It is a great document of the Stones from the "Tattoo You" tour, and hope they put this one in the theaters if they ever rerelease it on DVD. It's also kind of funny to see Mick Jagger dressed up like he's getting ready to work out to the Jane Fonda Workout video.

It's a well-filmed concert film for the early 80s, but am I the only one who thought their last tour they sounded better than they have in years?

Hopefully they'll put out a legit version (this one's a grey area import)that also includes the videos "Going to a Go Go" and "Time is on My Side" shot for the "Still Life" album, and put both in a CD/DVD combo pack with hopefully extra songs.

There is a lot of Stones footage yet to be released. A couple of them are Charlie is My Darling (from the 65 tour), Ladies and Gentlemen (from the Exile on Main St tour), and the infamous "cult classic" whose name I cannot write here, as well as the promos and TV appearances over the past 40 years, some of which is on the long out of print "Video Rewind".
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on December 6, 2013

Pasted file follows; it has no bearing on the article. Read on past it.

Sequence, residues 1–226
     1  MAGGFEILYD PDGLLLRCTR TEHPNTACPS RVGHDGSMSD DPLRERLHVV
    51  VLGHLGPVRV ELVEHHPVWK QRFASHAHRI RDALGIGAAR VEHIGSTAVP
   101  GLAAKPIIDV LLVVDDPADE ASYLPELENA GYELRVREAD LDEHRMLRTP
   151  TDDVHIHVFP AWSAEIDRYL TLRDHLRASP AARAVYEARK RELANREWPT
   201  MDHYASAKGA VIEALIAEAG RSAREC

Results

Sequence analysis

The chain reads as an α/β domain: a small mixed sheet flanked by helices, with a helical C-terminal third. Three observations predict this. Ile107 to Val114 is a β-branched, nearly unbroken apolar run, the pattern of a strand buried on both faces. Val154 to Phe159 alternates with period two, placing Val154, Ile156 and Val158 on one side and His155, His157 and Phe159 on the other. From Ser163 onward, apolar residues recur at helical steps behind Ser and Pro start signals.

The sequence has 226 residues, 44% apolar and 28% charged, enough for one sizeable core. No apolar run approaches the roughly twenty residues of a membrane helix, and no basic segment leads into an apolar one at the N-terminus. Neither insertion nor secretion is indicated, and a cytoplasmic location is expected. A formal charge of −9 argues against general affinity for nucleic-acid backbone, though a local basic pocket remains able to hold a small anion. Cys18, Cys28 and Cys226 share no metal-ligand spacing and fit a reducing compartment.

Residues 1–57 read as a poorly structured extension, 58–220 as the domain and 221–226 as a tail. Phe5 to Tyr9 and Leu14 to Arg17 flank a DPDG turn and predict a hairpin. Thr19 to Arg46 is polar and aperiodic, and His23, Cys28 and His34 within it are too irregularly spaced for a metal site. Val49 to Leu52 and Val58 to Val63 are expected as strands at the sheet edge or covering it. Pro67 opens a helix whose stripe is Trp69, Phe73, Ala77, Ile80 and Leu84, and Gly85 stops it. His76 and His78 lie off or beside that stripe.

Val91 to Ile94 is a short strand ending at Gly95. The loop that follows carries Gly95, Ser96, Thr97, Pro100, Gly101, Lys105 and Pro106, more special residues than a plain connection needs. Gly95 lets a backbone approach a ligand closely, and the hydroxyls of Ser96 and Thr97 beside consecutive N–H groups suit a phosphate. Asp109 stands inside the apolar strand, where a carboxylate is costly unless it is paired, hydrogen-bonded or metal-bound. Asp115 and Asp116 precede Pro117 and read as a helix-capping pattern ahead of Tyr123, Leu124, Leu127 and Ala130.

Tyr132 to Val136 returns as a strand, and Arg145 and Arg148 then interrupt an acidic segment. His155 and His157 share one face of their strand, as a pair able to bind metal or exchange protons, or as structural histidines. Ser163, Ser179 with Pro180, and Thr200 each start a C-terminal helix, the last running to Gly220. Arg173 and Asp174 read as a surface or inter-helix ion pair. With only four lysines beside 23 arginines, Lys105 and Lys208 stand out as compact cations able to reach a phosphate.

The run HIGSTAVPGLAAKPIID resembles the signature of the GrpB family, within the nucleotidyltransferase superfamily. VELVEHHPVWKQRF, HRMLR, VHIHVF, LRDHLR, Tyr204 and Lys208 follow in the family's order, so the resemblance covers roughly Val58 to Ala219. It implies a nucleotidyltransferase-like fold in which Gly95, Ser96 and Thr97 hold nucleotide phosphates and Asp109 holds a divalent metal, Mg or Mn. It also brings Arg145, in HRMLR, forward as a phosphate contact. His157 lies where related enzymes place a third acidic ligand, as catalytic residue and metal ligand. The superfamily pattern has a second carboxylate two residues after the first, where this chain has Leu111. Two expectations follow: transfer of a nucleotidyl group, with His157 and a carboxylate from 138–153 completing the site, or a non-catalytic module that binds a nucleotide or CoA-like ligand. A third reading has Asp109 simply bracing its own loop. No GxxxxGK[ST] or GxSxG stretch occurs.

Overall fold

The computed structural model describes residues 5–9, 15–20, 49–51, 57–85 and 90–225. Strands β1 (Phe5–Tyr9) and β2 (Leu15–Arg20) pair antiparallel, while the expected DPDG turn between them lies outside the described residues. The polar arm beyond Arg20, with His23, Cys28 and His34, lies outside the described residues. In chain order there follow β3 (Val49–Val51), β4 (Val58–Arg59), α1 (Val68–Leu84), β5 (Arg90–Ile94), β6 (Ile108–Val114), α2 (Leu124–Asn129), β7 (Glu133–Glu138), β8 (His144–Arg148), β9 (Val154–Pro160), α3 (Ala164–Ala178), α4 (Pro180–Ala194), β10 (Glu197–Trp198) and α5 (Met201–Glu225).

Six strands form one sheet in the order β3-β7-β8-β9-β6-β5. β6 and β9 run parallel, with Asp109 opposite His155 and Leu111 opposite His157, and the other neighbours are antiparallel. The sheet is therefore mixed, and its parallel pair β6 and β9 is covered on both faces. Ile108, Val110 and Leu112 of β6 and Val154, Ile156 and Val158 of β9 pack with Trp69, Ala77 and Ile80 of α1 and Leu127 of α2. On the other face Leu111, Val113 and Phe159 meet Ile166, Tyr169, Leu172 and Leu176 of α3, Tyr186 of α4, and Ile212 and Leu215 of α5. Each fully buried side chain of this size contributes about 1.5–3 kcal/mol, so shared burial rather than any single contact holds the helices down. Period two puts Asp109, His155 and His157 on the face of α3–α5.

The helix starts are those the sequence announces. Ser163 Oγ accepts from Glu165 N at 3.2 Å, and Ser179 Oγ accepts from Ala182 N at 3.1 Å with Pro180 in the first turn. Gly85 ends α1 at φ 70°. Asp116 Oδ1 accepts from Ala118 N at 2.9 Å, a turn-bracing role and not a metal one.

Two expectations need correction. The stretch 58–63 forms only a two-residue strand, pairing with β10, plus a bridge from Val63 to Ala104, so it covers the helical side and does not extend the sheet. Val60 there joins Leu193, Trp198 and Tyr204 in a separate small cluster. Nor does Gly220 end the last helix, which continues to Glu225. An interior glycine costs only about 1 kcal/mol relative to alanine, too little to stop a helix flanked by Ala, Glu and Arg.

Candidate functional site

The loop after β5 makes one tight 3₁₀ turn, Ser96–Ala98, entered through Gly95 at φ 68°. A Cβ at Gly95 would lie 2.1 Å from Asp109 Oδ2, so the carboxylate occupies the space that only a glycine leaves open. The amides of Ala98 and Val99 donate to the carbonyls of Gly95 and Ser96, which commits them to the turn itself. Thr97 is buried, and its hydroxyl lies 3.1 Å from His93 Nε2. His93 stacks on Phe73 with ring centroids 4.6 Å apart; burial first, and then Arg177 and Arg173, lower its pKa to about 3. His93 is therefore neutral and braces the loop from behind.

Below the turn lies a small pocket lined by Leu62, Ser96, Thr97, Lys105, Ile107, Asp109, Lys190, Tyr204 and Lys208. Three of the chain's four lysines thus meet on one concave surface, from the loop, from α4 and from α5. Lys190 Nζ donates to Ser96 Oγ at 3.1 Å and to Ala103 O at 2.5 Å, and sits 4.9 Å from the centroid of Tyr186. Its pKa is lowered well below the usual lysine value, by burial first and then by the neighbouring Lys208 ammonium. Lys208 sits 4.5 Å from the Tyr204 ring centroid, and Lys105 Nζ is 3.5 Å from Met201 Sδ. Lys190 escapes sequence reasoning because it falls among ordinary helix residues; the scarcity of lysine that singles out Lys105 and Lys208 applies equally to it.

I remember seeing this at the theater and thought , " Wow these guys look as old as my dad!" Good representation of the Stones tour in 1981 that supported the Tattoo You album. To us, they looked old, but in this film you can see the band was in it's heyday.

Very fun movie, one of my favorite concert videos.
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on November 9, 2010
As bizarre and varied as the 80's music scene was, the Stones remained a force. This film captures the period perfectly. Straight rock n roll, no back up singers or 12 piece back up band, the Stones crank it out with high energy in your face rock. Ron Woods never played better, his solo on "you cant always" is nothing short of devastating. The band looks like they are having a blast, even Bill Wyman cracks a smile watchin Mick dance. 23 songs clocking in at 87 mins is a great deal for this dvd. Just a lot of fun to watch this again.